Branstad: China may stall Biden administration efforts to improve trade deals

Then-U.S. Ambassador to China Terry Branstad greets Chinese President Xi Jinping, a long-time friend. (Photo courtesy of Land Investment Expo)

Former U.S. Ambassador to China Terry Branstad warned Tuesday that China may stall the Biden administration’s efforts to advance trade negotiations. 

But Branstad said he hopes his fellow former Iowa governor, incoming U.S. Agriculture Secretary Tom Vilsack, will be able to build on agreements that have helped boost commodity prices in recent months.

“China always tries to see what they can get by with,” Branstad said. “Unfortunately, in the past, they keep promising they’re going to do these things to reform and open up but then it keeps getting put away and doesn’t get done.

“I’m hopeful that (Vilsack) can have some influence on the new administration to see that we stick not only to the Phase One agreement, but hopefully move forward and look at some of the unfair subsidies of state-owned enterprises (in China) that were intended to be part of the Phase Two agreement as well,” Branstad said.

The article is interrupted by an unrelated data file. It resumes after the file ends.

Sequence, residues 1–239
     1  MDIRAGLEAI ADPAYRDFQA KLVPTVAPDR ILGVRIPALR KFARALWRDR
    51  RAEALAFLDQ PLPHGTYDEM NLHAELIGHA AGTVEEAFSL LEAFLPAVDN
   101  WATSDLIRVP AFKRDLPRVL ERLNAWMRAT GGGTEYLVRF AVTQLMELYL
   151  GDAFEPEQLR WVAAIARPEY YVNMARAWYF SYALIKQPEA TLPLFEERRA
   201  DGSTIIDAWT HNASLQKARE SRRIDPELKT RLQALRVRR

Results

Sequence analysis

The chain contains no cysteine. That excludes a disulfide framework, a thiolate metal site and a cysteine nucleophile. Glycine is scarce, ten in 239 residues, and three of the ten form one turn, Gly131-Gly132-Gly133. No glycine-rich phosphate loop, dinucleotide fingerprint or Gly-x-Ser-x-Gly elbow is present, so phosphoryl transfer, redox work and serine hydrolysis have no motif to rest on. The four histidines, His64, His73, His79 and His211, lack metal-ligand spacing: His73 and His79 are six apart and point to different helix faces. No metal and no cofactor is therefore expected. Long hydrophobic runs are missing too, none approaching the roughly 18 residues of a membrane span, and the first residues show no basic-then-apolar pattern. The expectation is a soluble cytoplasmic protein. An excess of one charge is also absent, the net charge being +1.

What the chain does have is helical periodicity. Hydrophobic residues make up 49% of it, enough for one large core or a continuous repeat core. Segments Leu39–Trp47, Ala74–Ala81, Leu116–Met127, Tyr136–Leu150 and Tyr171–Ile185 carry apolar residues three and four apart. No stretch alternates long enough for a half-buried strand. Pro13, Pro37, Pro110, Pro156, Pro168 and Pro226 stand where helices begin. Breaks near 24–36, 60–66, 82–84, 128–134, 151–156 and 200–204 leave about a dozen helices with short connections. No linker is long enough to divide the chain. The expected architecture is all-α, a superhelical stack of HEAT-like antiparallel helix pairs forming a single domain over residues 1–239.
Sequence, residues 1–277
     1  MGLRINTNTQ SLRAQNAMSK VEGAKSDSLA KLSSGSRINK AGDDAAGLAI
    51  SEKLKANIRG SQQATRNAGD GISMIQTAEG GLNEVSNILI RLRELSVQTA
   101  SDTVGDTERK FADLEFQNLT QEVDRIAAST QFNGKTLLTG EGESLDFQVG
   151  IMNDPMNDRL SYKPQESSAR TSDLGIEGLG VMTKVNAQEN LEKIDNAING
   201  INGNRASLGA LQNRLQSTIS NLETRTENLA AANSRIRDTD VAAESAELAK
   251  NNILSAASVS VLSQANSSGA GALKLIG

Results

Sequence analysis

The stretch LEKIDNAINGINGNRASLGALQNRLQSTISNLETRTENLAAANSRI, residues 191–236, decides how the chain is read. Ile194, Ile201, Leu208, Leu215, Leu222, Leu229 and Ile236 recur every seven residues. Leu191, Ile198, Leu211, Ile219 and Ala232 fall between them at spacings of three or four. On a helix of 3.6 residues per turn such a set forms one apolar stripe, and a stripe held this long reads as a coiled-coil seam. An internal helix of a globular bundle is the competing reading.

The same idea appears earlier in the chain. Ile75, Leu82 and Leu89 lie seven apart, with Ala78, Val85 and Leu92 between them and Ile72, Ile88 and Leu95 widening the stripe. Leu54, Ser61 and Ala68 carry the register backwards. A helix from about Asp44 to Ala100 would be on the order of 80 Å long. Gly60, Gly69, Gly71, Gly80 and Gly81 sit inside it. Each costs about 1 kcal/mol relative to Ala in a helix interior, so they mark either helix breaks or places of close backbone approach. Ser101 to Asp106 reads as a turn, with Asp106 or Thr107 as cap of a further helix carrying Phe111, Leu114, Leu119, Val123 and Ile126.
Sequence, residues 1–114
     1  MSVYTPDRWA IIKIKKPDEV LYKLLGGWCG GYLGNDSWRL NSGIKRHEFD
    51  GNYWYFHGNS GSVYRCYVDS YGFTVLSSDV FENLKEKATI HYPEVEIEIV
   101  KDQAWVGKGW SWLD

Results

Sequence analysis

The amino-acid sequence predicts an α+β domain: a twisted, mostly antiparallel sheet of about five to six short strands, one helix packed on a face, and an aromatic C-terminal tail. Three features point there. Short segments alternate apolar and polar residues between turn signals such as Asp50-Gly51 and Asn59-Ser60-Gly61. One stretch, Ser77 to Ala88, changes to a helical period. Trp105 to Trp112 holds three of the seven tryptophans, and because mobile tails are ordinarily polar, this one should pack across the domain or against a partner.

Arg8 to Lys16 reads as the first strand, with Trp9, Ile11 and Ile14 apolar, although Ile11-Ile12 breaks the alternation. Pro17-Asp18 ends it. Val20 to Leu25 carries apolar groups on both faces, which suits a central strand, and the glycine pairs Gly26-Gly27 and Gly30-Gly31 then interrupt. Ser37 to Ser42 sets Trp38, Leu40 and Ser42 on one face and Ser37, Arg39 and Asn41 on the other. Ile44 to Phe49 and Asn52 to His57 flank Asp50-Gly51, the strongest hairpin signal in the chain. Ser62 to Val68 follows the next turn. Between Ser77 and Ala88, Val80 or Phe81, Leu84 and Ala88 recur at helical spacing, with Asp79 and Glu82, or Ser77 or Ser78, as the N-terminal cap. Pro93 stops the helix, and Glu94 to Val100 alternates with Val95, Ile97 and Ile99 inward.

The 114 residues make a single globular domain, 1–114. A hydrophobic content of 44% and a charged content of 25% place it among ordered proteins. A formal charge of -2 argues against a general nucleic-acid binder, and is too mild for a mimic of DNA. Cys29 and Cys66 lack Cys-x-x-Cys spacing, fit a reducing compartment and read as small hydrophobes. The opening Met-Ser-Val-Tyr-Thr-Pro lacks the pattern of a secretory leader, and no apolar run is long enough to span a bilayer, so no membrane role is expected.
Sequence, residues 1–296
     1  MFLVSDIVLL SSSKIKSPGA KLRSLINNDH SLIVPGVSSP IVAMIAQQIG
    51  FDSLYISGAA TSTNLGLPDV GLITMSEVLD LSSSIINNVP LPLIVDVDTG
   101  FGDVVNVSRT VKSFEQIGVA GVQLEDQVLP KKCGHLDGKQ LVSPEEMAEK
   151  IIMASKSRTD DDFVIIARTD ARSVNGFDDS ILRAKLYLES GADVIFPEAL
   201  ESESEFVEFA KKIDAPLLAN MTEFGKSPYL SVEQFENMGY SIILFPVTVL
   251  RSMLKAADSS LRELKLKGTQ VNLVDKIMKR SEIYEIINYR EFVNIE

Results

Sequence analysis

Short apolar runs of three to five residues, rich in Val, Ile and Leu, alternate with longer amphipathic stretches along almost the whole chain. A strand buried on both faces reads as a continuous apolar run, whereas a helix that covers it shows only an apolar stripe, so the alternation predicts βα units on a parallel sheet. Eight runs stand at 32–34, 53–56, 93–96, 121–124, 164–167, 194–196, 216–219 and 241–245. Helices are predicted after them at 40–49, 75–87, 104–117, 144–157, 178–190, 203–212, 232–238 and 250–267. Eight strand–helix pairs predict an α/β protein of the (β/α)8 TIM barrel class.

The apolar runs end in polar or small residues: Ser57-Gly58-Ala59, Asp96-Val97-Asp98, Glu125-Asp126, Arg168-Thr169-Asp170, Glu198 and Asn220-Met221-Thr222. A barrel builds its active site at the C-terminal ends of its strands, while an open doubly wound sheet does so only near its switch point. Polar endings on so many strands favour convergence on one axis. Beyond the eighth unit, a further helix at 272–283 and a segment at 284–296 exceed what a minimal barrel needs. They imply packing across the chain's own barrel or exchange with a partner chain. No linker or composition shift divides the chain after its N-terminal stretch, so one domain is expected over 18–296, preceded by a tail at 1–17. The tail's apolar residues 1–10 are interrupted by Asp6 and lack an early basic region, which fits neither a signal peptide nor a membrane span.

Branstad, who returned to Iowa three months ago, spoke at the Land Investment Expo in Des Moines. 

Branstad said the new administration should be ready for delay tactics from the Chinese.

“The Chinese loved what we call dialogues, which they considered success. But we want results,” Branstad said. “The Trump administration was not very patient about trying to get results.”

But the administration’s negotiators, working with Branstad, signed the Phase One agreement in January 2020. That included China’s promise  to buy more soybeans from the United States, which has boosted prices recently even though China is behind on its promised purchases.

The arrival of COVID-19, which is believed to have originated in China, forced Branstad to lead the evacuation of 1,300 Americans. The economic disruption of the pandemic stalled trade talks with the communist country. 

But lately, there have been signs of improved trade.

“What we’ve seen since September is record amounts of corn and soybeans have been purchased,” Branstad said. “The price of corn has gone from $3 (per bushel) to almost $5. Soybeans have gone from $9 (per bushel) to almost $15. It’s made agriculture much more profitable,” and is likely to boost farmland values, he added.

The Land Investment Expo, sponsored by Peoples Company of Clive and others, each year assembles keynote speakers to address major agricultural topics.